UK Tech Exports to Drive 15 Years of Bumper Trade Growth
UK Tech Exports to Drive 15 Years of Bumper Trade GrowthReuters

Technology exports will drive Britain's trade over the next 15 years as the UK cultivates a more educated workforce and Asia starts to diversify away from being cheap production hub.

According to a HSBC's Global Connections report, high-tech products will account for more than a quarter of all goods traded by 2030, compared to 22% last year, as "technology becomes essential for maintaining and enhancing standards of living, promoting business investment and supporting economic development" [Figure 1].

UK Tech Exports to Drive 15 Years of Bumper Trade Growth: FIGURE 1
UK Tech Exports to Drive 15 Years of Bumper Trade Growth: FIGURE 1HSBC

However, HSBC has warned that Britain needs to raise levels of research and development (R&D) investment and improve engagement between educators and businesses if it is to maintain its competitiveness in these sectors.

"The example of high-tech presents lessons for other sectors and the future pattern of global trade," said Mark Emmerson, HSBC UK Head of Global Trade and Receivables Finance.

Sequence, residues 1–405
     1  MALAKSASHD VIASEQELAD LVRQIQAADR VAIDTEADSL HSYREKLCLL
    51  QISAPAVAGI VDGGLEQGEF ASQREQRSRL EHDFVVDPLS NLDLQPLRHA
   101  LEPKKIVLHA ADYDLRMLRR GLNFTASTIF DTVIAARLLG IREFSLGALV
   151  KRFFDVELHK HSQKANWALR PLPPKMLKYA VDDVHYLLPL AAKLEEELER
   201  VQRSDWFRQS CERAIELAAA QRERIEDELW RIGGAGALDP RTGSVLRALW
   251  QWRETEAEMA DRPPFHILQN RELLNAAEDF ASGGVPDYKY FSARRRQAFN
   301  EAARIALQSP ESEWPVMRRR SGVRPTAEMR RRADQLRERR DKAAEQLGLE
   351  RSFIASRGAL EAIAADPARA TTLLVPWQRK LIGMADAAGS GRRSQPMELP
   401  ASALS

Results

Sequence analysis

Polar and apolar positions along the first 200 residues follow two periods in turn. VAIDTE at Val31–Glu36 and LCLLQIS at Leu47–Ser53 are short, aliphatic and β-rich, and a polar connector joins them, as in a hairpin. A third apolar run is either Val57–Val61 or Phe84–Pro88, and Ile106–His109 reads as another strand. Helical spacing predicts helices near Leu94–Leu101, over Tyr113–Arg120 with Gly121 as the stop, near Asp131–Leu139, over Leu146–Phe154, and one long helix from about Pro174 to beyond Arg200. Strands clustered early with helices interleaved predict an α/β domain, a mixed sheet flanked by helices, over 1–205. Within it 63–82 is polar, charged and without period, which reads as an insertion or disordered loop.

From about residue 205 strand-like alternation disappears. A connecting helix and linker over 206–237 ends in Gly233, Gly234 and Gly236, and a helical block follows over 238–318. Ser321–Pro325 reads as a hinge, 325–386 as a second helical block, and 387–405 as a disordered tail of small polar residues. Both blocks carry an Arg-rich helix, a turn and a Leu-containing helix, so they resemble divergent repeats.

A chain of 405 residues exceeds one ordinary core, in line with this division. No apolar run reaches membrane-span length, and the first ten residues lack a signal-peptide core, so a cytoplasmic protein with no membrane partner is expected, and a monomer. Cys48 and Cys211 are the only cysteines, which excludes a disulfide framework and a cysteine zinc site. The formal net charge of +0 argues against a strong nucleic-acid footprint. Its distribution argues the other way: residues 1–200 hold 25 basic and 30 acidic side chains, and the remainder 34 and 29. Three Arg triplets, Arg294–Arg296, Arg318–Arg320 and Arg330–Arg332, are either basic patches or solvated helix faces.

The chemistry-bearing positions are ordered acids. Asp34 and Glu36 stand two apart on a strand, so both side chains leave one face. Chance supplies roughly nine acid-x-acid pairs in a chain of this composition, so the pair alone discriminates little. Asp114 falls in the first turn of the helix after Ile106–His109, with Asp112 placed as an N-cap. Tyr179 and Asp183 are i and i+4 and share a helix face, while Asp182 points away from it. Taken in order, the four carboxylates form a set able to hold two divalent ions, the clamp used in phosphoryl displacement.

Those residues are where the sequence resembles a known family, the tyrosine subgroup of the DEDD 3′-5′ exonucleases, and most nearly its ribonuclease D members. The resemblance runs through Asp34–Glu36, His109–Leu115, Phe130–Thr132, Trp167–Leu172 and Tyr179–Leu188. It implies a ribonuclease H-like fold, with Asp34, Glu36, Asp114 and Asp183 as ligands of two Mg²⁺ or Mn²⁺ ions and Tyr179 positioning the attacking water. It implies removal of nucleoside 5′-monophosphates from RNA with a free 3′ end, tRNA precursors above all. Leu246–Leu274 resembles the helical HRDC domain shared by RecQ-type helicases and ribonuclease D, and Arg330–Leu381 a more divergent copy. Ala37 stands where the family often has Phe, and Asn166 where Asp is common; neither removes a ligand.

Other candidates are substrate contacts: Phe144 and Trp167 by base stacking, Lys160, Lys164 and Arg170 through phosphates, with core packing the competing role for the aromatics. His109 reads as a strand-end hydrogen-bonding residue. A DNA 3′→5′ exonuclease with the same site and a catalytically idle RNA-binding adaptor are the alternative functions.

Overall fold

"Companies within developed economies that own the intellectual property of high value goods still enjoy a strong competitive advantage, but under-investment in R&D could threaten the advantage the UK enjoys, presenting an opportunity for emerging markets to gain ground.

"The world economy is becoming more knowledge-intensive – it is essential for the UK to invest in research and improve links between education and business to retain competitiveness and enhance future growth."

The latest figures show the UK invests 1.77% of GDP in R&D, a figure that has remained broadly constant over the past 20 years, compared to 2.77% in the US, 2.84% in Germany and 2.25% in France.

It is developing economies that have accelerated investment over the same period.

In developing Asia, R&D spend as a percentage of GDP has more than quadrupled to 1.8% and has almost caught up with that of Europe, while China now spends the equivalent of 1.8% of its annual GDP on R&D, a near doubling of its expenditure over the past 20 years.

Overall, HSBC's Trade Confidence Index (TCI) increased by five points from six months ago to reach 113, in the second half of 2013, the highest reading in the survey's four and a half year history.

Any reading above 100 signals anticipated expansion in trade amongst businesses.

The HSBC Trade Forecast shows that trade conditions are improving for UK businesses, with 63% of exporters expecting trade volumes to rise over the next six months, up from 61% during the second half of 2013.

UK exports are forecast to increase by 5% per annum over the next two years, driven by the economic recovery in Europe and North America, as well as opportunities in faster-growing markets.